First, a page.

Vegetarian Dumplings

Vegetarian Dumplings

Esme’s been asking for dumplings for dinner for the past month. The child has never seen a dumpling so far as I know. I honestly don’t have a clue where she got the idea. Not that it’s a bad one. Dumplings, ravioli, gyoza – it’s all good to me. But it’s also all the sorts of things I feel like are best left to professionals. I was so wrong!

In the hopes of making a somewhat healthy version of a dumpling, I turned to my friend Yasmin Seneviratne. Back in the pre-digital era, Yasmin and I worked together on magazines. Now she’s the creator of the fabulous, funny, vegetarian Le Sauce food site. She’s the kind of cook and writer who makes you feel like you can take on previously feared recipes, you know? And she did me such a solid with these dumplings. Man, oh, man. Here’s her original post.

Esme and I made these together. Well, we started working together but then she decided we should each have a “dumpling restaurant” and started up her own factory on the counter. The dumplings devolved quickly from pretty triangles to lumpy rectangles (“My specialty!” Esme boasted) to wontons wrappers just crushed in her fist and tossed onto the pile. Who cares, they were easy and delicious. I cooked them all and froze half. Next time I’d freeze half the batch before cooking them.

Vegetarian Dumplings


  • 1 tablespoon of vegetable oil
  • 1 cup leek, washed well, thinly sliced then diced
  • 2 cloves garlic, minced (this isn't in Yasmin's recipe)
  • 3 cups mixed and or wild mushrooms, cleaned and dice
  • salt and pepper to taste
  • 1/2 teaspoon soy sauce
  • 1/2 teaspoon sesame oil
  • 1 egg whit
  • handful of fresh cilantro, washed and chopped (I didn't have any handy so I used parsely)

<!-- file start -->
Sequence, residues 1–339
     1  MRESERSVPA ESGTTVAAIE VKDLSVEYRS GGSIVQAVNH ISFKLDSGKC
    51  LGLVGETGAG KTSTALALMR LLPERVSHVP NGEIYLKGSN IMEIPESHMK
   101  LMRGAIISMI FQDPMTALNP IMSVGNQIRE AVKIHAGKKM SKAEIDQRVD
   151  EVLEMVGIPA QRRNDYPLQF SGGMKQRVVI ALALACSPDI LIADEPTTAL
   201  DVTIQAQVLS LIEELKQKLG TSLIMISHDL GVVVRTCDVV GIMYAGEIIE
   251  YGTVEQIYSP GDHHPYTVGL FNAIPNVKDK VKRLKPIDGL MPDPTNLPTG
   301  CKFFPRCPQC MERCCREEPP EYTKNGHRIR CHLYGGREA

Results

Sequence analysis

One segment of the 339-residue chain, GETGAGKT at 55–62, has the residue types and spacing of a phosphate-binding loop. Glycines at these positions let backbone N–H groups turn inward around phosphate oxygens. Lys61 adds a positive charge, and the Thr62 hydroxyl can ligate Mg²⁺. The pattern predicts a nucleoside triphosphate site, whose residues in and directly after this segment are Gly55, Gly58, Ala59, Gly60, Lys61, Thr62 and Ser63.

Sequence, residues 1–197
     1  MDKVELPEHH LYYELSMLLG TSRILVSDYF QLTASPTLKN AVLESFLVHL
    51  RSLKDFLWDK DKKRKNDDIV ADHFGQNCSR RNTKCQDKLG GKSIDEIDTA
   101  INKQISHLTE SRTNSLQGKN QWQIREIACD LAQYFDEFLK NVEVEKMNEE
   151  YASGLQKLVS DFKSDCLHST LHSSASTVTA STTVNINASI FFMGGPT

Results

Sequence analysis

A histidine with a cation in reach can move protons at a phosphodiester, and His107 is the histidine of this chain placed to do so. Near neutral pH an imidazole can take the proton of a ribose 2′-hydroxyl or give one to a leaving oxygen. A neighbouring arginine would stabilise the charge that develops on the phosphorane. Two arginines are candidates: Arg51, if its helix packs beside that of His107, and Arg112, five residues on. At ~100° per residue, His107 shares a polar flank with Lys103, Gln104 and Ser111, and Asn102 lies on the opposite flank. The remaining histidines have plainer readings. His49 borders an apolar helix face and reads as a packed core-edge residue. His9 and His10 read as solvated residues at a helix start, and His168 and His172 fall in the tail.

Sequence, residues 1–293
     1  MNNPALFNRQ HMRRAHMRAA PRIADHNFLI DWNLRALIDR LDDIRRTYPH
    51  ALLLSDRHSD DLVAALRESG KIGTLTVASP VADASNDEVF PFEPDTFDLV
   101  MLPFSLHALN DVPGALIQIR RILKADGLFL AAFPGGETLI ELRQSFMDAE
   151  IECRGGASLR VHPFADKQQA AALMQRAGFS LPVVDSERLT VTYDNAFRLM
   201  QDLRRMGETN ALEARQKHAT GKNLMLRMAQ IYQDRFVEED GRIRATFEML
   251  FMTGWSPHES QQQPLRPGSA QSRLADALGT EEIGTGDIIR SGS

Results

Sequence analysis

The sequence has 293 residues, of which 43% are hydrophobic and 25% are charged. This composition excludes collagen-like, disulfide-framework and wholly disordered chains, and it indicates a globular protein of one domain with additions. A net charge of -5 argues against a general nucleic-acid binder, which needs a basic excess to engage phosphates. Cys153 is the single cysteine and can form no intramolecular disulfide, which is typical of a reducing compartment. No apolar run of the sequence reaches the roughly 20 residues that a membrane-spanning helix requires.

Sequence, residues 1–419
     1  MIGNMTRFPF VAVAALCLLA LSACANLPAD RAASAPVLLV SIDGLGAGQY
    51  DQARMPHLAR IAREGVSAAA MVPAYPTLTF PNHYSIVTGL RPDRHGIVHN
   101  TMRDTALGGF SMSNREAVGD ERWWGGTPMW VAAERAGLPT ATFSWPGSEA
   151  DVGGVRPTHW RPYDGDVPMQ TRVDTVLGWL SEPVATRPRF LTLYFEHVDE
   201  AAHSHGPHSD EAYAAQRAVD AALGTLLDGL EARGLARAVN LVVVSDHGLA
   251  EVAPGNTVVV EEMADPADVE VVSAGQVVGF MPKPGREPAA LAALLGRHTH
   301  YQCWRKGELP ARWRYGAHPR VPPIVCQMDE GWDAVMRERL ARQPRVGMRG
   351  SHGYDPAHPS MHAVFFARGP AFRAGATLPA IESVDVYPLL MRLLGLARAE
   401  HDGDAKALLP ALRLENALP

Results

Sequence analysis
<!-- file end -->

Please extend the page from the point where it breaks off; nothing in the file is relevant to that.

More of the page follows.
• 36 wanton wrappers, fresh or thawed frozen


Sautee the leeks in vegetable oil for a minute and then add garlic.

Let it all soften for a minute or two.

Add the mushrooms and salt and pepper. Stir over the heat for about five minutes until the mixture reduced and the mushrooms are cooked through.

Take off the heat and transfer into a bowl.

Add the soy sauce and sesame oil, stir and allow to cool to room temperature.

Meanwhile, set up your wanton work station.

Work on a large cutting board or counter top and have a large platter ready to put your finished dumplings on.

You'll probably have to layer them so have parchment paper or plastic wrap at the ready to put between layers so they won't stick.

Place your wanton wrappers on a damp tea towel or damp paper towel to keep them from drying out as you work. Have a small bowl of water nearby.

Once the mushroom mix has cooled, add the egg whites and herbs and mix well.

Work in batches of six.

Place your wrappers out on your work surface and spoon about 1 teaspoon of mixture in the centre of each wrapper.

Dip your finger in your water bowl and trace a line along the edge of the wrappers.

Lift one side of the wrapper over to meet the other side and press down firmly to seal the edges.

Do all six.

Place the dumplings on your platter.

Start again until all the wrappers are filled or you run out of filling.

Heat a bit of vegetable oil in a non-stick pan and sautee the dumplings until they are golden on both sides - about two or three minutes a side.

Place cooked dumplings on a paper towel for a moment before serving. Serve hot or at room temperature.

I served mine with steamed broccoli. To say these were a hit would be an understatement. We had them for dinner twice last week and I’m already thinking of making more this weekend. Thanks Yasmin!!

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  1. Karen
    December 10, 17:12 Reply

    Ooh, dumplings — be still my heart! I like that my food favourites are the same as your daughter’s! 🙂

  2. Ceri Marsh
    December 10, 17:24 Reply

    Great minds…. Honestly, they’re really easy. I’m going to double it next time to have more to freeze. You could absolutely serve them to “big people” guests. In fact, craving one with a glass of champagne right now!

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